The AuSable River flows through the heart of Grayling on its 138-mile journey to Lake Huron. It is home to the AuSable River Canoe Marathon, the longest (120 miles!) nonstop, canoe-only race in North America. The eight mile stretch of river from downtown Grayling to Burton’s Landing makes for a great day trip for experts and novices alike. In this section, the river is narrow, winding and heavily wooded, allowing paddlers to feel like they are all alone on this well traveled waterway. Grayling is a small town that caters to paddlers. From the river-themed beer at Paddle Hard Brewing to the paddles in the window at Thanks a Latte coffee shop, the small town makes paddlers feel welcome while providing essential amenities. Choose one of several outfitters in town for all of your boating and shuttling needs, ranging from two hours on the water to multi-day trips through pristine wilderness all the way to Lake Huron.
Lansing residents have slyly kept their thriving city a secret. Like Detroit, Lansing has lived through the rise and fall of the automobile industry. A decade ago, it may not have made it on a ‘next best’ list. But while no one was watching, the city bounced back with hip downtown breweries and restaurants, a revitalized downtown riverfront, and connected bike and water trails on the Grand River, making it one of the coolest undiscovered spots in the Upper Midwest for a paddling vacation. River Town Adventures is conveniently located downtown on the Grand River, making it easy to combine the natural views from the water with the delicious brews on land. Their shuttle bus, which doubles as a party bus (complete with party lights and a bumping sound system), can take paddlers to more scenic sections of the Grand River to paddle by Verlen Kruger’s old house or to float right up to Grand Ledge, the best outdoor climbing rock in town.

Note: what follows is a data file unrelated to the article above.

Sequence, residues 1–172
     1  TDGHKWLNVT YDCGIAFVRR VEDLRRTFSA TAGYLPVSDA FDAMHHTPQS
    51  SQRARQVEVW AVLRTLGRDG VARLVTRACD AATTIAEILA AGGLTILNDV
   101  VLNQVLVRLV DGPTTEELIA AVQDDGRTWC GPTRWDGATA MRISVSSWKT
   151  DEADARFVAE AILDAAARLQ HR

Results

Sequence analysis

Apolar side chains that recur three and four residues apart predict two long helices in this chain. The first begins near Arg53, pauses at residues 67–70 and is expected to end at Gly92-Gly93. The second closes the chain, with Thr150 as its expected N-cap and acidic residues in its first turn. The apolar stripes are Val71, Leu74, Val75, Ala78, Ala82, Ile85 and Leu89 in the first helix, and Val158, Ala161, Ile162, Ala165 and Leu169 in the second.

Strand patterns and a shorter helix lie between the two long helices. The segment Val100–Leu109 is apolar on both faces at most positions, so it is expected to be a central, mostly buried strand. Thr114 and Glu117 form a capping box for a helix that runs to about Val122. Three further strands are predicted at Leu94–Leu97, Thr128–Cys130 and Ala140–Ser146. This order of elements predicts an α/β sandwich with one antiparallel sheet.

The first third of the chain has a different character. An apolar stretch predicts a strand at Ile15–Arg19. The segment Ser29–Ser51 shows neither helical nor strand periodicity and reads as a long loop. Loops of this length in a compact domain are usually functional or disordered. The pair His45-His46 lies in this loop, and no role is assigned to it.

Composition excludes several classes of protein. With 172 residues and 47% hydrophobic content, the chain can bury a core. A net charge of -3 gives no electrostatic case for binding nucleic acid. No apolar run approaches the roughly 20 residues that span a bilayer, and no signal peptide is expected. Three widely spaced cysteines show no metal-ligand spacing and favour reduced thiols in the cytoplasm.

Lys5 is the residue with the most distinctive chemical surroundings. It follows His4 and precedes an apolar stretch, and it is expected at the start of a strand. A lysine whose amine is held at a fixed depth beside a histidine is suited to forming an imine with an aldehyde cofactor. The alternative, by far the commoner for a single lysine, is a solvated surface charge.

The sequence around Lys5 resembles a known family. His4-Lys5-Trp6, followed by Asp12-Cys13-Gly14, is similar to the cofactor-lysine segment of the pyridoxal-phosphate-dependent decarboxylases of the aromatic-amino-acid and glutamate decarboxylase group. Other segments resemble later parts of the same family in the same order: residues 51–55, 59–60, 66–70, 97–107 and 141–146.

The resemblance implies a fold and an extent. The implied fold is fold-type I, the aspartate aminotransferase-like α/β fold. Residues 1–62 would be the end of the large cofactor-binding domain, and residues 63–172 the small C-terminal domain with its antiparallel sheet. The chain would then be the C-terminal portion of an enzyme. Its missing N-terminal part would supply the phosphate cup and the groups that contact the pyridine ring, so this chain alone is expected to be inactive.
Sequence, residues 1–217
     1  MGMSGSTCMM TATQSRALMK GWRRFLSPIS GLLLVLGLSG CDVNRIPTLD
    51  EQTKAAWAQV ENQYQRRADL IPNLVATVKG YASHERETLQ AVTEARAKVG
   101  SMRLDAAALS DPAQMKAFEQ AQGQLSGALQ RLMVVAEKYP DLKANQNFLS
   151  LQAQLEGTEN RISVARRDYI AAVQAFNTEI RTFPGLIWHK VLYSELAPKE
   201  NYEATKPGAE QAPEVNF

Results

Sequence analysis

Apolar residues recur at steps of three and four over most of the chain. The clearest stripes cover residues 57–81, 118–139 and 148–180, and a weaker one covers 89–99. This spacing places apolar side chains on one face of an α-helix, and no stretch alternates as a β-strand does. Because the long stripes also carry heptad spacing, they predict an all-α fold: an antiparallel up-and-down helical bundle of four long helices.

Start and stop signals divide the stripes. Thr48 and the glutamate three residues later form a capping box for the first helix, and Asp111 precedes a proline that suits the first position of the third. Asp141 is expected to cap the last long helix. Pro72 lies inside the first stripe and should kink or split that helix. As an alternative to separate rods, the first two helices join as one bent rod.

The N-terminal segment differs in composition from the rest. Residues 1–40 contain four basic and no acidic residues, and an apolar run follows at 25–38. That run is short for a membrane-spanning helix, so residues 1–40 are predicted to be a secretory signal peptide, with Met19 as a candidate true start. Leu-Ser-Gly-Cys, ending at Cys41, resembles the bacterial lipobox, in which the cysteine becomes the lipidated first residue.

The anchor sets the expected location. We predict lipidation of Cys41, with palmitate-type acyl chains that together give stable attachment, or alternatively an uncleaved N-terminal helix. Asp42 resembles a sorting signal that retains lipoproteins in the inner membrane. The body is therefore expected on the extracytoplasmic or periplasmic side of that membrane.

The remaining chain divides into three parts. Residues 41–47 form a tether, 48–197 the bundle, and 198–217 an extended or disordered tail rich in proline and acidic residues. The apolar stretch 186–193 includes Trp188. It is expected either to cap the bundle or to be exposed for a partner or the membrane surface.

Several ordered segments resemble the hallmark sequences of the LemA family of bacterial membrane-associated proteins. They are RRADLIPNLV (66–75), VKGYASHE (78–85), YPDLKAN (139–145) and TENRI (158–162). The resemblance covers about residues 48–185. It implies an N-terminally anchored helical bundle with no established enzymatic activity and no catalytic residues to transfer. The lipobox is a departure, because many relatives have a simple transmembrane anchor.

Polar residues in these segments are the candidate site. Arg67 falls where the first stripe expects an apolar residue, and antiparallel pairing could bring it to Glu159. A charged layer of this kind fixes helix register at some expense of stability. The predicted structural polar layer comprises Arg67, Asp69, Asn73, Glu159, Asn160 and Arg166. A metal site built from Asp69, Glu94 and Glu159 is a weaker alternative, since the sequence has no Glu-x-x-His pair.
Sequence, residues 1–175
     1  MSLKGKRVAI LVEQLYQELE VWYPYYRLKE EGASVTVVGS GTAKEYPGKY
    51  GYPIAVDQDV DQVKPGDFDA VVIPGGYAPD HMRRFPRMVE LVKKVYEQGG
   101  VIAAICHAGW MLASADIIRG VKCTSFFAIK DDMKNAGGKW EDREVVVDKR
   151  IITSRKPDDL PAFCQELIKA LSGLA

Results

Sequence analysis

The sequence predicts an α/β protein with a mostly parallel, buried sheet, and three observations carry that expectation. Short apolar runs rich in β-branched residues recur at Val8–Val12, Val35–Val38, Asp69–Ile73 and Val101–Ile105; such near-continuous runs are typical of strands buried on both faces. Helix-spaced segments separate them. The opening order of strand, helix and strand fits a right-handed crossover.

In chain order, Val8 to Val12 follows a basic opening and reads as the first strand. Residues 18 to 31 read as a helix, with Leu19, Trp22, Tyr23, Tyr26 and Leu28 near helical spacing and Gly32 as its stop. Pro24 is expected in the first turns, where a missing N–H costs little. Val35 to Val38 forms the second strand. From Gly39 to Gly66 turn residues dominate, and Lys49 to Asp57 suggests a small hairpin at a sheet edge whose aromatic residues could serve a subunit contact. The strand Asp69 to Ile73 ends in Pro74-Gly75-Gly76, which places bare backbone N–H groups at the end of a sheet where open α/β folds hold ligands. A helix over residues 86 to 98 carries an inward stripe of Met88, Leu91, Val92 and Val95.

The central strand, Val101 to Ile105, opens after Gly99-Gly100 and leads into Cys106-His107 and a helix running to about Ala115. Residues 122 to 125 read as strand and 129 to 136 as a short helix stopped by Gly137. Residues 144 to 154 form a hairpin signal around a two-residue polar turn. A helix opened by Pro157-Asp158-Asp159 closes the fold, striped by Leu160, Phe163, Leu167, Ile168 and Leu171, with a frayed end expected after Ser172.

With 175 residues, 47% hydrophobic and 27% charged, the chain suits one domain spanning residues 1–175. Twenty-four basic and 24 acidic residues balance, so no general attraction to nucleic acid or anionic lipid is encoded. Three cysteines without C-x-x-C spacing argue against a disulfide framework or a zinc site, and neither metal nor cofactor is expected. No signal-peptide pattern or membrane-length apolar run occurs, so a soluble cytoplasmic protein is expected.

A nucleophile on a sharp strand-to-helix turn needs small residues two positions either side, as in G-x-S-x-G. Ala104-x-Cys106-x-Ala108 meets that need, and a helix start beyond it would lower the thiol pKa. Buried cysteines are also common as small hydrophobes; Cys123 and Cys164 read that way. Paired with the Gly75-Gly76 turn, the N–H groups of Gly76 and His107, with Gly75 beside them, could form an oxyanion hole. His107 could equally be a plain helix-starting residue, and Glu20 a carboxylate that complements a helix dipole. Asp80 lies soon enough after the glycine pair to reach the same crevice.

South Bend, IN
The parks, trails, and restaurants along St. Joseph’s River through South Bend are a perfect recipe for paddle and pedal adventures. Lime Bikes scattered throughout the city eliminate the need for a two-car shuttle. For a day paddle, lock your boats at Veterans Park and drive to to Fremont Park where you’ll hop on nearby Lime Bikes and ride the five miles back to the city on the bike path, passing a whitewater park and restaurants and that await you later in the day. Back at Veterans Park, exchange the bikes for your boat and paddle the slow and peaceful water above the dam, complete the short and well-marked portage over the dam, and enjoy the faster current and scenic views below all the way back to your car. Grab lunch and craft brews at the Crooked Ewe on the river before attempting the East River Race, a whitewater adventure right in downtown South Bend. If you’re still itching to be on the water at night, put in at the boathouse dock north of the dam to experience the colored lights beneath the Jefferson Bridge. Floating in a purple haze and gazing at the water’s reflection dancing on the stone arches on a still night is hands down the best way to spend an evening in South Bend.